Federal Law > Managing Employees > Worker's Compensation

Worker's Compensation

 
The purpose of workers' compensation law is to provide compensation to employees for work related injuries, except for some willful or self-inflicted injuries, without regard to fault.

Under workers' compensation laws, as they began to develop from state to state, the requirement of proof of fault by the employer and the availability of employer defenses were eliminated. In essence, an employer was held strictly liable when the following three criteria were met:
1. The injury or disease arose out of, and in the course of, employment.

2. The employment is of the type not otherwise excluded by the statute; and

3. The employee did, in fact, suffer a personal injury or disease.

Where these elements are shown, the employer becomes strictly liable for the employee's injuries. In turn, with this strict liability, the employee gives up the opportunity to pursue negligence or other types of legal claims against the employer. The statutory right to receive workers' compensation then becomes the exclusive remedy which the employee has against the employer. Other types of legal claims may not be raised against the employer for the injury.

Workers' compensation provides payment for the injury or disability, both temporary and permanent, for death benefits and for rehabilitation expenses where appropriate, medical expenses which arise out of the injury and for income which is lost during the period of time during which the injury heals. It should be noted that self-inflicted injuries or injuries caused by willful acts of third parties are typically not covered under a state workers' compensation statute. Any redress for these injuries is left to the legal system through independent claims.

State workers' compensation laws. Our workers' compensation systems have evolved on a state-by-state basis over the past 75 years. Each state has their own unique legislation and an employer who does business in several different states should be conscious of the nuances and differences between state laws. Nonetheless, the basic elements of the workers' compensation systems in each state are quite similar. For purposes of this chapter, a general overview of workers' compensation law is provided. The cautious employer will check the provisions of the law in each state in which the employer does business and seek advice of competent counsel before making workers' compensation related decisions.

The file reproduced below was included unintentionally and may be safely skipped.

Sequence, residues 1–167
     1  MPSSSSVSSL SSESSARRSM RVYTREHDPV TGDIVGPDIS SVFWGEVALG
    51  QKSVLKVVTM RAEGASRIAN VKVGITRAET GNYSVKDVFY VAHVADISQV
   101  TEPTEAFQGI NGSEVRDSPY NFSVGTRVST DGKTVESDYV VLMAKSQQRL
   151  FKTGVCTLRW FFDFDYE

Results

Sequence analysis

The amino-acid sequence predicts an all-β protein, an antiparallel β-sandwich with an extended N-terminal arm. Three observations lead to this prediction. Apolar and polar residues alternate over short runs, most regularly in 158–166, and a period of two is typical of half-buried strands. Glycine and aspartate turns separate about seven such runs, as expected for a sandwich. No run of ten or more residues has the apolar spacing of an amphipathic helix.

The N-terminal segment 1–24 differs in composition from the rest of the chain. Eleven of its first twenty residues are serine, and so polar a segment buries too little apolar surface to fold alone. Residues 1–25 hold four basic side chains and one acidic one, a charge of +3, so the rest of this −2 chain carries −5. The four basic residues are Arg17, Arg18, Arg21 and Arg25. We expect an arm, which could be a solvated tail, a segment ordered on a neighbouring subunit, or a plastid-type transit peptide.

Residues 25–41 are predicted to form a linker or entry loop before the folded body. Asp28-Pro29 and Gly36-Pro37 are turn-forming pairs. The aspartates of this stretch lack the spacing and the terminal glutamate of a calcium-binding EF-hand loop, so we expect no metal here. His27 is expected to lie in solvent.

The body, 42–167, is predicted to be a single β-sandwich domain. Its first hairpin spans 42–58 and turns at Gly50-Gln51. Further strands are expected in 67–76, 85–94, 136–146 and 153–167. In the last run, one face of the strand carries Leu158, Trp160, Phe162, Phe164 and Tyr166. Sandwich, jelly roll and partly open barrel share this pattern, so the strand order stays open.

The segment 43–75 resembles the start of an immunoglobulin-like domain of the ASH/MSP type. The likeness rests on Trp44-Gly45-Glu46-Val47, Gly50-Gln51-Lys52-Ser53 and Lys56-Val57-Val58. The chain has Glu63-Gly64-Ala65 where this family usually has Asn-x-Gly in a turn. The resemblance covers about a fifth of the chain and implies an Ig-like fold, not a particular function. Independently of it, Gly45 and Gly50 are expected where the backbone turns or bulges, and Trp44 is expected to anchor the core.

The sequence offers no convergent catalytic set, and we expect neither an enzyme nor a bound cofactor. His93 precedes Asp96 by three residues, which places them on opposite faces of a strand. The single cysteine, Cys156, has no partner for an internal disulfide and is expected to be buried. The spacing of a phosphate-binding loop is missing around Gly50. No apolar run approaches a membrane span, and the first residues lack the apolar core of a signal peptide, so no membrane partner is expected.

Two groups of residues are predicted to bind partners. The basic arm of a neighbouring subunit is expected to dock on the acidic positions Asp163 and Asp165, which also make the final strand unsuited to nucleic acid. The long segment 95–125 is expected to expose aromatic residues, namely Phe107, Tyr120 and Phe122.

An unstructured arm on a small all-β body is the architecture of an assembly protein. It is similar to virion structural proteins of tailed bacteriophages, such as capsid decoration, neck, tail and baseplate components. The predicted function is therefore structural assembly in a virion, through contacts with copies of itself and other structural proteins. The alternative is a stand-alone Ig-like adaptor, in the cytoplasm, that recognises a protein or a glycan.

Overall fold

Workers' compensation coverage is typically required from all employers. An employer may decide to self-insure its program or could work through a private insurance carrier. In many states, an employer who fails to obtain proper insurance will still be held liable for any injuries to workers which arise out of, and in the course of, employment.

Employees. Who is an "employee" entitled to workers' compensation coverage? Under most circumstances, it is fairly easy to determine when an individual is an employee entitled to benefits for work-related injuries. Where a business directs the work performance of an individual and provides compensation and benefits, employment status is clearly visible. However, many workers' compensation statutes contain exemptions for certain types of employees. Farm workers and domestics are often times excluded from the definition of employee in many workers' compensation statutes. In addition, temporary employees or contract employees may also be exempted from the exclusivity provisions of the workers' compensation statute as they are considered employees of an independent contractor, not the business which retains the contractor. It is, however, possible that a situation could arise in which both entities may be found to be the "employer". In addition, an injured employee may sue a third party and the third party could file an action against the employer based upon the alleged breach of an independent duty owed by the employer to the third party.1

Independent contractors. Independent contractors are deemed to be the employer of their employees. As a consequence, a company which assigns work to an independent contractor business is typically not held liable for workers' compensation injuries in the event the individuals employed by the contractor are injured. As a general rule, it is recommended that a business utilizing an independent contractor seek some evidence that the independent contractor has workers' compensation coverage for its employees. Usually a Certificate of Insurance is adequate evidence of such coverage.